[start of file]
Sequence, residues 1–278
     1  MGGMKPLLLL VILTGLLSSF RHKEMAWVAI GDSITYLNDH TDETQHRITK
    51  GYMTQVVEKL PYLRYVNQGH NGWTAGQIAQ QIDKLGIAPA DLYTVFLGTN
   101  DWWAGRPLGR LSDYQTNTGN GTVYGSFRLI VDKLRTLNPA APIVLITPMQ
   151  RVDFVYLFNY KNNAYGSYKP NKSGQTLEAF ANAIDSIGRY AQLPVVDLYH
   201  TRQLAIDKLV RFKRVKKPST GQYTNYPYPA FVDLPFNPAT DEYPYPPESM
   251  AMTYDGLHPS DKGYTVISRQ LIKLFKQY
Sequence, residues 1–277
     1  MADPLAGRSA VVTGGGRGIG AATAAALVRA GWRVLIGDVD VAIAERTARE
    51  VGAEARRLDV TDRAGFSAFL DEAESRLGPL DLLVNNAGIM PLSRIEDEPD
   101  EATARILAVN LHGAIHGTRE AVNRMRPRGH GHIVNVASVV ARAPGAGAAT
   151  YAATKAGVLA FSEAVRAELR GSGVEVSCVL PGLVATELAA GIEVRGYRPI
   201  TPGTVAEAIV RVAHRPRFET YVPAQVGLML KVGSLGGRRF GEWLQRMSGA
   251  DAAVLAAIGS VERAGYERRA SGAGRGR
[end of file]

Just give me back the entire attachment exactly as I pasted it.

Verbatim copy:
Sequence, residues 1–278
     1  MGGMKPLLLL VILTGLLSSF RHKEMAWVAI GDSITYLNDH TDETQHRITK
    51  GYMTQVVEKL PYLRYVNQGH NGWTAGQIAQ QIDKLGIAPA DLYTVFLGTN
   101  DWWAGRPLGR LSDYQTNTGN GTVYGSFRLI VDKLRTLNPA APIVLITPMQ
   151  RVDFVYLFNY KNNAYGSYKP NKSGQTLEAF ANAIDSIGRY AQLPVVDLYH
   201  TRQLAIDKLV RFKRVKKPST GQYTNYPYPA FVDLPFNPAT DEYPYPPESM
   251  AMTYDGLHPS DKGYTVISRQ LIKLFKQY
Sequence, residues 1–277
     1  MADPLAGRSA VVTGGGRGIG AATAAALVRA GWRVLIGDVD VAIAERTARE
    51  VGAEARRLDV TDRAGFSAFL DEAESRLGPL DLLVNNAGIM PLSRIEDEPD
   101  EATARILAVN LHGAIHGTRE AVNRMRPRGH GHIVNVASVV ARAPGAGAAT
   151  YAATKAGVLA FSEAVRAELR GSGVEVSCVL PGLVATELAA GIEVRGYRPI
   201  TPGTVAEAIV RVAHRPRFET YVPAQVGLML KVGSLGGRRF GEWLQRMSGA
   251  DAAVLAAIGS VERAGYERRA SGAGRGR